Lack of pharmacokinetic interaction between the oral anti-influenza neuraminidase inhibitor prodrug oseltamivir and antacids
Article first published online: 23 OCT 2002
British Journal of Clinical Pharmacology
Volume 54, Issue 4, pages 372–377, October 2002
How to Cite
Snell, P., Oo, C., Dorr, A. and Barrett, J. (2002), Lack of pharmacokinetic interaction between the oral anti-influenza neuraminidase inhibitor prodrug oseltamivir and antacids. British Journal of Clinical Pharmacology, 54: 372–377. doi: 10.1046/j.1365-2125.2002.01678.x
- Issue published online: 23 OCT 2002
- Article first published online: 23 OCT 2002
- Accepted 22 May 2002.
- neuraminidase inhibitor;
Aims Oseltamivir is an oral ester prodrug of its active metabolite Ro 64–0802, a potent and selective neuraminidase inhibitor of the influenza virus. The object of this study was to evaluate whether the oral absorption of oseltamivir was reduced in the presence of two main classes of antacid, Maalox® suspension (containing magnesium hydroxide and aluminium hydroxide) and Titralac® tablets (containing calcium carbonate).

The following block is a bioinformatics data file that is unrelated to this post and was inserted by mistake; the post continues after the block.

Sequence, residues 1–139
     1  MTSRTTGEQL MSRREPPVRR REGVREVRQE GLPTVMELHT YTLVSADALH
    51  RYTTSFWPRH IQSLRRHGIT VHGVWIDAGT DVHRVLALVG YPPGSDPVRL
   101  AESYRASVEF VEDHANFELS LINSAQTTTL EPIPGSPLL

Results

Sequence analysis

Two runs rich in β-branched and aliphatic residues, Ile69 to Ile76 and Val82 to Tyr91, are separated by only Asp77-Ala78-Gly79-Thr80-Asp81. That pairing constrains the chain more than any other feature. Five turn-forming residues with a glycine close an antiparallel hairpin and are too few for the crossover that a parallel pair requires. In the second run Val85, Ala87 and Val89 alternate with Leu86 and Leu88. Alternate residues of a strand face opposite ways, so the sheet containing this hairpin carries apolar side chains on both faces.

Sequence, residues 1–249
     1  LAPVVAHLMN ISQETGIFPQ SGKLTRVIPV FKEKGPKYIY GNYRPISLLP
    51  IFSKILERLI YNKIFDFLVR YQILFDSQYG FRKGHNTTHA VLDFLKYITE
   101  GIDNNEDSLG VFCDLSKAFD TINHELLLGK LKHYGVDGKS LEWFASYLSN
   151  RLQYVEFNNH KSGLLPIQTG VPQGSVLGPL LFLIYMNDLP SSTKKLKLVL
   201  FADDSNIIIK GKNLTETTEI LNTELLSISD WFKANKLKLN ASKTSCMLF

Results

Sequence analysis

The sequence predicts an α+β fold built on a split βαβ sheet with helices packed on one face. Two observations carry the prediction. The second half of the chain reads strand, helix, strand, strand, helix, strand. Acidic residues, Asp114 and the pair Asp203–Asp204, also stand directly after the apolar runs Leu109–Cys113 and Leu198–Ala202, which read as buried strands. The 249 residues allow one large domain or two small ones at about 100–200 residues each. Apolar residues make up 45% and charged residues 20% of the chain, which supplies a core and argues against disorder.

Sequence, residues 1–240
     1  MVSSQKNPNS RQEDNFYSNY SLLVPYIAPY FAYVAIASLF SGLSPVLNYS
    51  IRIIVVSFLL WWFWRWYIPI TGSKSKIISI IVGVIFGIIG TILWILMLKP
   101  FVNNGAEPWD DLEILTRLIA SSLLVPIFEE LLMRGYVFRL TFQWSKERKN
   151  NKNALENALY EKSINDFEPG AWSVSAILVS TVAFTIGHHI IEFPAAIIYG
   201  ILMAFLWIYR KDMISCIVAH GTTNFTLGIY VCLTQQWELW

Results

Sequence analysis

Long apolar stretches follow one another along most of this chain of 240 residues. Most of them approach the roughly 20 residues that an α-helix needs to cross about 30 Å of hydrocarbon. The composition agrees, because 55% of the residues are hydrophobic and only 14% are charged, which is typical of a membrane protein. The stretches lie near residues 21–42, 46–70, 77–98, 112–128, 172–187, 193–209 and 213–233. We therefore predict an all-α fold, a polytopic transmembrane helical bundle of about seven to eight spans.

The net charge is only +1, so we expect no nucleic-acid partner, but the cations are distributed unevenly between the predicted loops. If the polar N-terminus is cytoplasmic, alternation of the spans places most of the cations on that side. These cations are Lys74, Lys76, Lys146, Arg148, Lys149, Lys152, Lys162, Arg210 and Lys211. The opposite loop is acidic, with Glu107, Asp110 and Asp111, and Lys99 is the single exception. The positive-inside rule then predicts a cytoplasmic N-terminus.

Methods Twelve healthy volunteers completed a randomized, single dose, three-period crossover study. Each volunteer received in a fasted state, 150 mg oseltamivir alone (Treatment A), 150 mg oseltamivir with a 20 ml Maalox® suspension (Treatment B), and 150 mg oseltamivir with four Titralac® tablets (Treatment C), with 7–10 days washout in between treatments. Plasma and urine concentrations of oseltamivir and Ro 64–0802 were measured using a validated h.p.l.c./MS/MS assay. Pharmacokinetic parameters were calculated for oseltamivir and Ro 64–0802. Since antacids are locally acting drugs and generally not expected to be absorbed substantially into the systemic system, no plasma or urine concentrations of antacids were measured.
Results Bioequivalence was achieved for the primary pharmacokinetic parameters Cmax and AUC(0,∞) of Ro 64–0802 following administration of oseltamivir with either Maalox® suspension or Titralac® tablets vs administration of oseltamivir alone. The bioavailability (90% confidence intervals) of Ro 64–0802 following administration of oseltamivir together with Maalox® suspension vs administration of oseltamivir alone, was 90% (83.6, 96.9%) for Cmax and 94.1% (91.4, 96.9%) for AUC(0,∞); similarly, for Titralac® tablets, the equivalent values were 95.1% (88.3, 102%) for Cmax and 94.7% (91.9, 97.5%) for AUC(0,∞).
Conclusions The coadministration of either Maalox® suspension or Titralac® tablets with oseltamivir has no effect on the pharmacokinetics of either oseltamivir or Ro 64–0802, and conversely, there is no evidence that coadministration with oseltamivir has an effect on the safety and tolerability of either Maalox® suspension or Titralac® tablets. There was no pharmacokinetic interaction between oseltamivir with either antacid, demonstrating that the oral absorption of oseltamivir was not impaired in the presence of antacids containing magnesium, aluminium or calcium.